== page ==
On Wednesday morning, our SB Nation NBA preview was published. In it I offered up a best case, worst case, and most likely scenario for the Golden State Warriors. It covered a lot of ground going between those potential outcomes. The good is very good. The bad is very not good.
A few hours later I found myself answering questions for a soon-to-be-published NBA predictions post for the upcoming season.
The last question was the obvious one, and also the one I struggled with the most: who plays in the NBA Finals?
I went up and down the Western Conference, and every team offered what felt like a massive red flag to me. How could I predict them?
The Warriors are one of those teams. I don’t need to tell you how good they can be; I also don’t need to tell you that we can’t bank on a playoff-missing Dubs team welcoming back Klay Thompson off of two serious leg surgeries and jumping straight back into greatness.
It could go either way, and that’s a bit of a theme. Here’s the competition ... but just their red flags.
Los Angeles Lakers
The Lakers are the popular pick to win the West. I couldn’t pick them in this exercise, however, because an earlier question had asked, “Will the Lakers look foolish or genius for the Russell Westbrook trade?” and I don’t need to tell you how I answered.
There’s greatness in the Lakers potential, but there’s also some 7-for-26 shooting nights from Westbrook while the Warriors sag off and play 5-on-4 against the other quartet of Lakers. LA traded much of their depth for a star who is easily gameplanned against in the postseason, and who likely serves to take possessions away from arguably the best player in NBA history.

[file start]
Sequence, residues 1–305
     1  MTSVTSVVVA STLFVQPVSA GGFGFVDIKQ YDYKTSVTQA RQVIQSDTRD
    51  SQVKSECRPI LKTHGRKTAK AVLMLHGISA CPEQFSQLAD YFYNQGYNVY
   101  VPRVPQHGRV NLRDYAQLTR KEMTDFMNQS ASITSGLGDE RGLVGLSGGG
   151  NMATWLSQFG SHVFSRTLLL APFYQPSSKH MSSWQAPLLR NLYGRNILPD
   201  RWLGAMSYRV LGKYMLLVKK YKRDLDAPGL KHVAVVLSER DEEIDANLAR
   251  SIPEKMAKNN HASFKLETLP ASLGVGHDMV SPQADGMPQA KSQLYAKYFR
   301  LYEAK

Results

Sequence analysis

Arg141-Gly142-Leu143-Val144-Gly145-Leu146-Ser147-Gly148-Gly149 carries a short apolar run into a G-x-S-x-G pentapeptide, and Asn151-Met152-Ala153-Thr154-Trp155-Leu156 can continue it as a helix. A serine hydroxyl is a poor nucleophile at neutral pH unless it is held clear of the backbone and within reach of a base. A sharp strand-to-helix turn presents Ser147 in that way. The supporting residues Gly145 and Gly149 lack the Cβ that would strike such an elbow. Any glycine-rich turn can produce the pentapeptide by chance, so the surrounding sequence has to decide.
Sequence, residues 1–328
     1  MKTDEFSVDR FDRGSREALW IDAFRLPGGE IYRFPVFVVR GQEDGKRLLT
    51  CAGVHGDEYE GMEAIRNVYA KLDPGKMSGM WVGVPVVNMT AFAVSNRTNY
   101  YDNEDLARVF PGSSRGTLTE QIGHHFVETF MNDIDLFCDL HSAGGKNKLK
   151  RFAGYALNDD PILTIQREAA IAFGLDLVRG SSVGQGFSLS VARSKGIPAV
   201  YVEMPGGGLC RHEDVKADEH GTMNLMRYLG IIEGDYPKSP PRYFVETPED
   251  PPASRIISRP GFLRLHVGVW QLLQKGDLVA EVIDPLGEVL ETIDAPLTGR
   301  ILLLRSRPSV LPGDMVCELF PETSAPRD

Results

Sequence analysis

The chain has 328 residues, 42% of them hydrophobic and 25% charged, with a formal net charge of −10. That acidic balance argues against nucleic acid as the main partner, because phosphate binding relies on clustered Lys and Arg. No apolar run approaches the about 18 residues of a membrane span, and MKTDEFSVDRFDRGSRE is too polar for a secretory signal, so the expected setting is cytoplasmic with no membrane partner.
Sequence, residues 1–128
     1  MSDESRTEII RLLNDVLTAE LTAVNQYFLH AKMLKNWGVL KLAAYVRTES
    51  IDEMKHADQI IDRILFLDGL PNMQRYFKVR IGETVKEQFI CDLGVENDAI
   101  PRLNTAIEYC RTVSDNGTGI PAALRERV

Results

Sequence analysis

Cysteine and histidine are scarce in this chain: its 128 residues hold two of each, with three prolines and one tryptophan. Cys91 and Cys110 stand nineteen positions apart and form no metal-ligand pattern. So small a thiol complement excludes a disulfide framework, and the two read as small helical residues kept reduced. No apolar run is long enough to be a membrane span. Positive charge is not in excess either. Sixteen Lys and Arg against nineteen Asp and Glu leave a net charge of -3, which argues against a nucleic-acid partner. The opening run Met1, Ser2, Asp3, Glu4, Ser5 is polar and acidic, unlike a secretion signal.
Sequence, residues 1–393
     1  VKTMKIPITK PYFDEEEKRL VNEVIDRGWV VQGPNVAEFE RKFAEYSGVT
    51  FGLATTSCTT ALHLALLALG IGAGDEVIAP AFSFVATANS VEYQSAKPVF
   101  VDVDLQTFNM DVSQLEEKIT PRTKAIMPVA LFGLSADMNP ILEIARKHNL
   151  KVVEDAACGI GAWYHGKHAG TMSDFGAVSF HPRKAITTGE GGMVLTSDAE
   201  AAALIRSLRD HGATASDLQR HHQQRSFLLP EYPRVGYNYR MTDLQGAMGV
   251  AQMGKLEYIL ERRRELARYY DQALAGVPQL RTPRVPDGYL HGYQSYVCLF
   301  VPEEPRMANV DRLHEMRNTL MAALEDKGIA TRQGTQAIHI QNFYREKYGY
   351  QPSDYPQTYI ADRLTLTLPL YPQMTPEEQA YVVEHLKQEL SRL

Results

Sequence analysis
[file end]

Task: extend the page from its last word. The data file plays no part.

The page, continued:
The Nuggets start the season without Jamal Murray, who tore his ACL in April. It is possible, but unlikely, that Murray will return to the Nuggets this season. They should be very good regardless — Michael Porter Jr. is on the rise, and Aaron Gordon is blending into the system — but good enough without Murray?
Los Angeles Clippers
Similarly, the Clippers are without Kawhi Leonard, whose ACL injury remains a little bit of a mystery. If he returns this season (a big “if”) and is the Kawhi of old (also a big “if”), the Clippers are contenders. But if not? Suddenly that roster looks wildly pedestrian.
The Jazz finished with the best defense in the league last season, and the third-best offense. Their garbage-time adjusted net rating of +11.3 towered over the second-best mark of +6.8, set by the Clippers. And then they got stomped by the Clippers in the second round, the way they lost to the Nuggets in the first round the year prior, and the Rockets in the first round the year prior, and the Rockets in the semis before that, and the Warriors the year before that.
Do you trust them in the postseason?
In Luka Dončić we may trust, but in Jason Kidd we do not. Or at least, I do not. Nothing about Kidd’s coaching tenure with the Milwaukee Bucks or Brooklyn Nets leads me to believe he’ll do as good a job — let alone a better job — in Dallas than Rick Carlisle did.
Kidd is a question mark, as is Kristaps Porziņģis, as is the team’s depth.
Is Dončić, still just 22, enough to overcome all of that?
Portland Trail Blazers
Every year the Blazers get touted out as a potential Western Conference contender, and every year they stop well short of actually looking like one.
This isn’t a red flag so much as the reality that they’re simply not good enough.
The Suns won the West last year, and with Devin Booker, Deandre Ayton, and Mikal Bridges only getting better, they’re a threat to repeat.
But for as good as those players are, they’re not taking a team anywhere near the NBA Finals without a healthy Chris Paul, and I know better than to bet on Paul being healthy in April and beyond.
Red flags abound, up and down the West. The conference is there for the Warriors to take ... and for quite a few other teams, too.
Who wins the West?
This poll is closed